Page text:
Here’s the Liveblog from the #CDEC meeting on 16 March 2012
“There is no versioning – there is just the now” says Robert Henke; likening the true expression of digital music-making to the elder days of analogue mixing.
As tools and instruments overlap, what does that mean for how we generate music in the digital age using software?
He spoke insightfully, introduced by Gerhard Behles, another of the co-founders of Abelton, who also joined in the question session at the end of Robert’s prepared remarks.
And it was good thought-provoking stuff. But not one single musical example – which no-one seemed to find odd; and no examples of code or approaches to coding; ditto.
And a very interesting way of thinking about the issues – an expression of the psycho-philosophy of making music through coding – the constraints and complexity; inevitable compromises and how to code music without losing the point in the programming and the process.
“Data boils off our cities like aether from an alchemist’s still”
So said Matt Webb of BERG at Arup’s “The Penguin Pool”. He caught my attention still further by saying that we need to “treat data like a material” that it’s like wood; it can be made into new forms and transformed into new objects. He lost my attention later with the ‘Little Printer’ – but let’s come to that when we get to it…
I liked what he said about needing to make data more accessible and human; using techniques of presentation and visualisation to aid insight and interpretation; the presentation of complex data sets as human faces with different expressions and characteristics; the projection of a massive CO2 smoke ring as a representation of carbon footprint of a district heat/power scheme in Scandinavia. And the way he and his colleagues seem to be thinking about the issues looks good, the story he tells is engaging and insightful.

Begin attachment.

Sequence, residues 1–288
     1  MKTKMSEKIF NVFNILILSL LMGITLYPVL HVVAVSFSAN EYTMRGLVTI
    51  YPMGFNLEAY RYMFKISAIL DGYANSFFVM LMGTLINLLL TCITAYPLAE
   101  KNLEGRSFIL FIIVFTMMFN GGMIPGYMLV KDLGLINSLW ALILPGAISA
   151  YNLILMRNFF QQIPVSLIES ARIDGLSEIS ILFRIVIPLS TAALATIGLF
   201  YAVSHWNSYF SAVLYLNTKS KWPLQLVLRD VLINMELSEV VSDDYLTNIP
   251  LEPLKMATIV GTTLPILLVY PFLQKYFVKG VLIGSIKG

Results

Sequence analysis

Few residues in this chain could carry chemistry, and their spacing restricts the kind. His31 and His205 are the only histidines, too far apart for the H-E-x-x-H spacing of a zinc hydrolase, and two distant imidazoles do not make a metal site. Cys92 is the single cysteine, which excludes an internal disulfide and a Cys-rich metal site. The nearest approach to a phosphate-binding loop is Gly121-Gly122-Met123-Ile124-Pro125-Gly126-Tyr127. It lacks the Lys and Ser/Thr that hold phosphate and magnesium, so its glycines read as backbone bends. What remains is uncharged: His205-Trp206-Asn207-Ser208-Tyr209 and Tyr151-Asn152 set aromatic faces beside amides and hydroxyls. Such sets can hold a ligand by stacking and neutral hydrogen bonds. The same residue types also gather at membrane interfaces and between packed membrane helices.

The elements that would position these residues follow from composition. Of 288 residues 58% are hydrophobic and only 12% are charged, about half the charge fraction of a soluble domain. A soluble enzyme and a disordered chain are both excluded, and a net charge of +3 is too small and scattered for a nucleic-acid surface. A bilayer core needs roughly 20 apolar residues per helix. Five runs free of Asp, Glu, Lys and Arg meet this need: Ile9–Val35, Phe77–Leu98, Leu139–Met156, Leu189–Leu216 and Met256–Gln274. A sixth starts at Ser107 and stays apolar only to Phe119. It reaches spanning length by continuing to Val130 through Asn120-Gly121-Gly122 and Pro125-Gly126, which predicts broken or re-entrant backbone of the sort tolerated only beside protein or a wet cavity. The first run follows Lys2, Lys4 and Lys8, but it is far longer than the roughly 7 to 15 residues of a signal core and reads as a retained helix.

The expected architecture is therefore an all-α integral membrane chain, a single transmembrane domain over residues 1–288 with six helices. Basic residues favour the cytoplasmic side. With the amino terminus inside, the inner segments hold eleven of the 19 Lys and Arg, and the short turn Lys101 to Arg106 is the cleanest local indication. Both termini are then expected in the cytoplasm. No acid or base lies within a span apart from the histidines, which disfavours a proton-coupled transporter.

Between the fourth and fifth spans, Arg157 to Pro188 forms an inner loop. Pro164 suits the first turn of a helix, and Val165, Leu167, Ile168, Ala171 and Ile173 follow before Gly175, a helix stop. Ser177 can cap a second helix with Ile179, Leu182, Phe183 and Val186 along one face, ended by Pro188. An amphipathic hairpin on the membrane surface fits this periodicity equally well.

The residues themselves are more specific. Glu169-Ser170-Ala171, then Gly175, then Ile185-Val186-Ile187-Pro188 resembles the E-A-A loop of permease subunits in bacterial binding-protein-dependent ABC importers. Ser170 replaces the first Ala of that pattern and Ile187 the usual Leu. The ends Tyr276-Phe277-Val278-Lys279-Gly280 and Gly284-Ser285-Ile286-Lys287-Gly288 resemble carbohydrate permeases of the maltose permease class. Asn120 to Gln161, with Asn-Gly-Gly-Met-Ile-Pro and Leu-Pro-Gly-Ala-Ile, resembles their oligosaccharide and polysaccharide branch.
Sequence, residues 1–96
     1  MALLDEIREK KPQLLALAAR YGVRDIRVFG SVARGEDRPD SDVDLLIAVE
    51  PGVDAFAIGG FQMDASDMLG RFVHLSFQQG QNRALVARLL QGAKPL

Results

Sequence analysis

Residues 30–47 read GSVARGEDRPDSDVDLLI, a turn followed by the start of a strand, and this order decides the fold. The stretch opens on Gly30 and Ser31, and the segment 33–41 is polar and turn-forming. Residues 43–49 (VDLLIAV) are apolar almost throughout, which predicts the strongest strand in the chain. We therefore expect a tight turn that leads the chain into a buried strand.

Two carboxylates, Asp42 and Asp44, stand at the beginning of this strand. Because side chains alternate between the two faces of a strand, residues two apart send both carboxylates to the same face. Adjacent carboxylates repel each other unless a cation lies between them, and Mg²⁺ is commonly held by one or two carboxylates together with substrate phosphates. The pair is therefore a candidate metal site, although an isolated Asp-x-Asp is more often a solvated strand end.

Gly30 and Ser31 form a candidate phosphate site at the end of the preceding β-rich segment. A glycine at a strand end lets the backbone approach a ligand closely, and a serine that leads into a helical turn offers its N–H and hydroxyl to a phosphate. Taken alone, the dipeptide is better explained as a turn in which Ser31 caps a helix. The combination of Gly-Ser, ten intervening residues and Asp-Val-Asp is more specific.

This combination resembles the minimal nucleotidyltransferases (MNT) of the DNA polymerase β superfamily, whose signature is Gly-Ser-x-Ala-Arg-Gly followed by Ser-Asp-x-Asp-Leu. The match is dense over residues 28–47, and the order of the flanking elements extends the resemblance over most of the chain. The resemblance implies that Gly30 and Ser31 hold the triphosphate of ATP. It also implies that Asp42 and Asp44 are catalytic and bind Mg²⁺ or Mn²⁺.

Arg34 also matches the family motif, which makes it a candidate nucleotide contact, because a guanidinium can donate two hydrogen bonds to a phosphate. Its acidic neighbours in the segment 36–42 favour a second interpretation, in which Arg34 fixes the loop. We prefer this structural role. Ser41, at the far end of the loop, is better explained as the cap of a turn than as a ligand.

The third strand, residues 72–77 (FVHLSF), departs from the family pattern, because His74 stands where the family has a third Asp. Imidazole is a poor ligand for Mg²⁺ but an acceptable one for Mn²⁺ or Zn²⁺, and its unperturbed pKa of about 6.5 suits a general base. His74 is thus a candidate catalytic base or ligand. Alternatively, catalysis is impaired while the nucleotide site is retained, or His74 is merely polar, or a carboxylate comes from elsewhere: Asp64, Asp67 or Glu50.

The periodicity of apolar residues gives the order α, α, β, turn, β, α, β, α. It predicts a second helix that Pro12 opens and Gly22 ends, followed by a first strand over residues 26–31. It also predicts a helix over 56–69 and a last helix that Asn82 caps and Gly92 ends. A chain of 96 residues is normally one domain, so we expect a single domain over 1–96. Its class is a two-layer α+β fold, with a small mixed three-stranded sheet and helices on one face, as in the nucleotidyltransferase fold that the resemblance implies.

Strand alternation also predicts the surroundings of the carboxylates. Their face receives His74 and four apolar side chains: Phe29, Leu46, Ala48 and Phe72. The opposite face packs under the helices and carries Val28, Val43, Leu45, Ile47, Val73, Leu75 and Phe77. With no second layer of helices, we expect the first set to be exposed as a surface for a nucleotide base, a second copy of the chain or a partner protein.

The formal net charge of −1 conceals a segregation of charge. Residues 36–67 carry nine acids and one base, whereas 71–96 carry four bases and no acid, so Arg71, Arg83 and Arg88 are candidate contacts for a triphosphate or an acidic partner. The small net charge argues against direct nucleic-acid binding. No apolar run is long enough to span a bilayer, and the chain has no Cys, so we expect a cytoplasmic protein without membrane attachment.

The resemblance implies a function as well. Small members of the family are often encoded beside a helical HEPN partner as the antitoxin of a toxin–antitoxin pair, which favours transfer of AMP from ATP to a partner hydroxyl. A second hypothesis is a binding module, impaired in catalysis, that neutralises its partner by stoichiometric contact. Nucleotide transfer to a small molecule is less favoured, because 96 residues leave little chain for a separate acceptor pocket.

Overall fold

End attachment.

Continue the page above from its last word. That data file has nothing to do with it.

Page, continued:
Another idea I really like is the BERGCloud – as I understand it, it’s a kind of integration layer between the looming “Cloud” of massive data objects and real things and people. No detail but a great concept.
I can’t avoid talking about the Little Printer. The presentation was so compelling that, when we got to the Little Printer, I just thought – ok, yeah, right. It wasn’t until later that I had second thoughts. It’s a small, cute looking printer that prints out onto a thermal paper roll (like the receipt printers in shops). It connects to the Internet and you can set it to print out reminders, lists, notes and so on. Doesn’t work for me – but hey; let’s assume it’s a demo of what the BERGCloud might be able to do.
Type as object – Arkitypo
The irony of 3D printing technology being used to print out solid versions of classic typefaces will not be lost on you.
It’s the work of Johnson Banks and Ravensbourne and it’s fantastic. Michael Johnson told us the story of how it came about.
What I like about it is the fusion of craft (typeface design) and technology.
And I remember setting type; composing stick, tweezers for fine point type, quoins, forme. And the smell of the ink and the sound when the impression is made.
If you get the chance to go to a ‘Penguin Pool’ – don’t reflect – just dive in!
And here’s an Audioboo made at the time:
Artists, scientists, public servants, students, writers and activists; about 200 of them, came together over 3 days in a clash of ideas, debate, thinking and discussion. They had fun too!
In collaboration with NYnet and Manchester Digital Development Agency
Sponsored by Fujitsu Telecom and the Nominet Trust
24th November 2011 Royal York Hotel, Station Parade, York, YO24 1AA
Last week, Shaun Fensom and I went to Birmingham for CBN to talk to Digital Birmingham about NGA strategy and developments in the wider City Region. We realised during a sequence of discussions with regeneration specialists and others that there’s been ‘language capture’ going on. The telecoms industry, in it’s usual way, has used the ‘naming of things’ to confuse the picture. So ‘First Generation Broadband’ aka ADSL was never really ‘broad’, and Next Generation Access is undefined, largely. But we’ve got ‘Superfast Broadband’ now; well, some of us have. So that’s all right then.
There’s an overfocus on speed. And a lack of visibility of connection quality, the need for symmetry, levels of contention, latency and jitter. In the past, in Regeneration and Planning ‘connectivity’ meant roads, airports and rail. The good news is that there is increasing realisation on a regional and City-regional basis that Digital Connectivity is increasingly important and needs to be planned in; and not left to the industry to not-deliver it.